Spatial thinking serves three purposes. It has (1) a descriptive function, capturing, preserving, and conveying the appearances of and relations among objects; (2) an analytic function, enabling an understanding of the structure of objects; and (3) an inferential function, generating answers to questions about the evolution and function of objects.
The power of spatial thinking resides in its capacity to provide an understanding of structure and of function. By an understanding of structure is meant a description of how something is organized—what part is where in relation to other parts. We can capture the arrangement of objects in space and speak about order, relation, and pattern. By function is meant an understanding of how and why something works. It can express how something changes with time (kinematics) and allow us to explain the reasons for the changing arrangements of time-varying spatial patterns (dynamics). Therefore, spatial thinking is not static. It is a dynamic process that allows us to describe, explain, and predict the structure and functions of objects and their relationships in real and imagined spatial worlds. It allows us to generate hypotheses, to make predictions, and to test their consequences.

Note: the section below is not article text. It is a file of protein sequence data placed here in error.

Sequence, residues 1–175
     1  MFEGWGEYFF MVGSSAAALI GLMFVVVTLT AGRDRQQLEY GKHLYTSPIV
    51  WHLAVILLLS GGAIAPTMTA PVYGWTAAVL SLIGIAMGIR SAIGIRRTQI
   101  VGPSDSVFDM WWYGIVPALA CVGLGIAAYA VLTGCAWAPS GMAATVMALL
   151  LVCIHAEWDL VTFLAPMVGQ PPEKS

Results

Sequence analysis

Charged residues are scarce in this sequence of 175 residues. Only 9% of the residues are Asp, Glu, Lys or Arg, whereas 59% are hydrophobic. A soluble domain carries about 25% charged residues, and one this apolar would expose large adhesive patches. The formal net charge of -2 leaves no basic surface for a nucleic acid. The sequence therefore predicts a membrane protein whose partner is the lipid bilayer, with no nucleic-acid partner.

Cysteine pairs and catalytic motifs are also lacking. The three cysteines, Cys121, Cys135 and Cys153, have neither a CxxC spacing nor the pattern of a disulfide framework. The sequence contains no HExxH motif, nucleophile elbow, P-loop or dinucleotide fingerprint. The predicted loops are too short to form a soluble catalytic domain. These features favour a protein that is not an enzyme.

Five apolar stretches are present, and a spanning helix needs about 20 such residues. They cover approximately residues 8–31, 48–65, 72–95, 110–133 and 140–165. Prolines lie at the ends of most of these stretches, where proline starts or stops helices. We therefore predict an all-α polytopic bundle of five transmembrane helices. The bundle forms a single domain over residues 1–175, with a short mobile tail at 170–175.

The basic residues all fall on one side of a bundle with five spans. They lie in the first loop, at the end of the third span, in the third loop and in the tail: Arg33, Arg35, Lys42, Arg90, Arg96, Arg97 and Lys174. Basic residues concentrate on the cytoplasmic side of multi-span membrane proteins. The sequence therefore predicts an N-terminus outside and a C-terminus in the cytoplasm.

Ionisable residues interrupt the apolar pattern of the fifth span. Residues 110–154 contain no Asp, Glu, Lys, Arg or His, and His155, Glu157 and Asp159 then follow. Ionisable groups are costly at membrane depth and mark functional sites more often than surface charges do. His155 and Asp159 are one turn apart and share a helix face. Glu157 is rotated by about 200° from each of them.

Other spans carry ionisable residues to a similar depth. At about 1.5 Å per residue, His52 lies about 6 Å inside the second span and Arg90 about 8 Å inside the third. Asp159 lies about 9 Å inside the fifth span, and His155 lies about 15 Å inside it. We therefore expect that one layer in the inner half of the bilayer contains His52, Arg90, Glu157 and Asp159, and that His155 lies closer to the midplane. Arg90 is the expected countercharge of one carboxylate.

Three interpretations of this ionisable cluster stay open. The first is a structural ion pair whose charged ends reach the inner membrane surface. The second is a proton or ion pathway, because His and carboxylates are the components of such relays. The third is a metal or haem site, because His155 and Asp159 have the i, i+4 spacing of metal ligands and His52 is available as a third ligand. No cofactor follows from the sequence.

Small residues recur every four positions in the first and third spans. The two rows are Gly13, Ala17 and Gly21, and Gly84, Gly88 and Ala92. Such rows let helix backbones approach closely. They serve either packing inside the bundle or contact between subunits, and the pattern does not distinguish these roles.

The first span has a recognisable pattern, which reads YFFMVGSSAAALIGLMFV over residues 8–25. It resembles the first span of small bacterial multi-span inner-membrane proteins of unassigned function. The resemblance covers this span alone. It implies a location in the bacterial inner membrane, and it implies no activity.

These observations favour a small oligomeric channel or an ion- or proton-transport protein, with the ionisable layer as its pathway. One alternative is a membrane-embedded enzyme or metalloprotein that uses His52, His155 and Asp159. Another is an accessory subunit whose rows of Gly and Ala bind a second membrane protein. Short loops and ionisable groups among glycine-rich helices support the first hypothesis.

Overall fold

The archetypal case of a spatial representation is a cartographic map, and we can see the three functions of spatial thinking at work in map reading and interpretation. The most commonly available map form, a road map, provides a two-dimensional picture of part of the world, depicting places and the roads that connect them. Spatial thinking is the analytical and inferential process that allows us to select a route connecting two places subject to criteria such that the route is easy to follow (e.g., contains a minimum number of decision points [intersections, turns, etc.]) and that it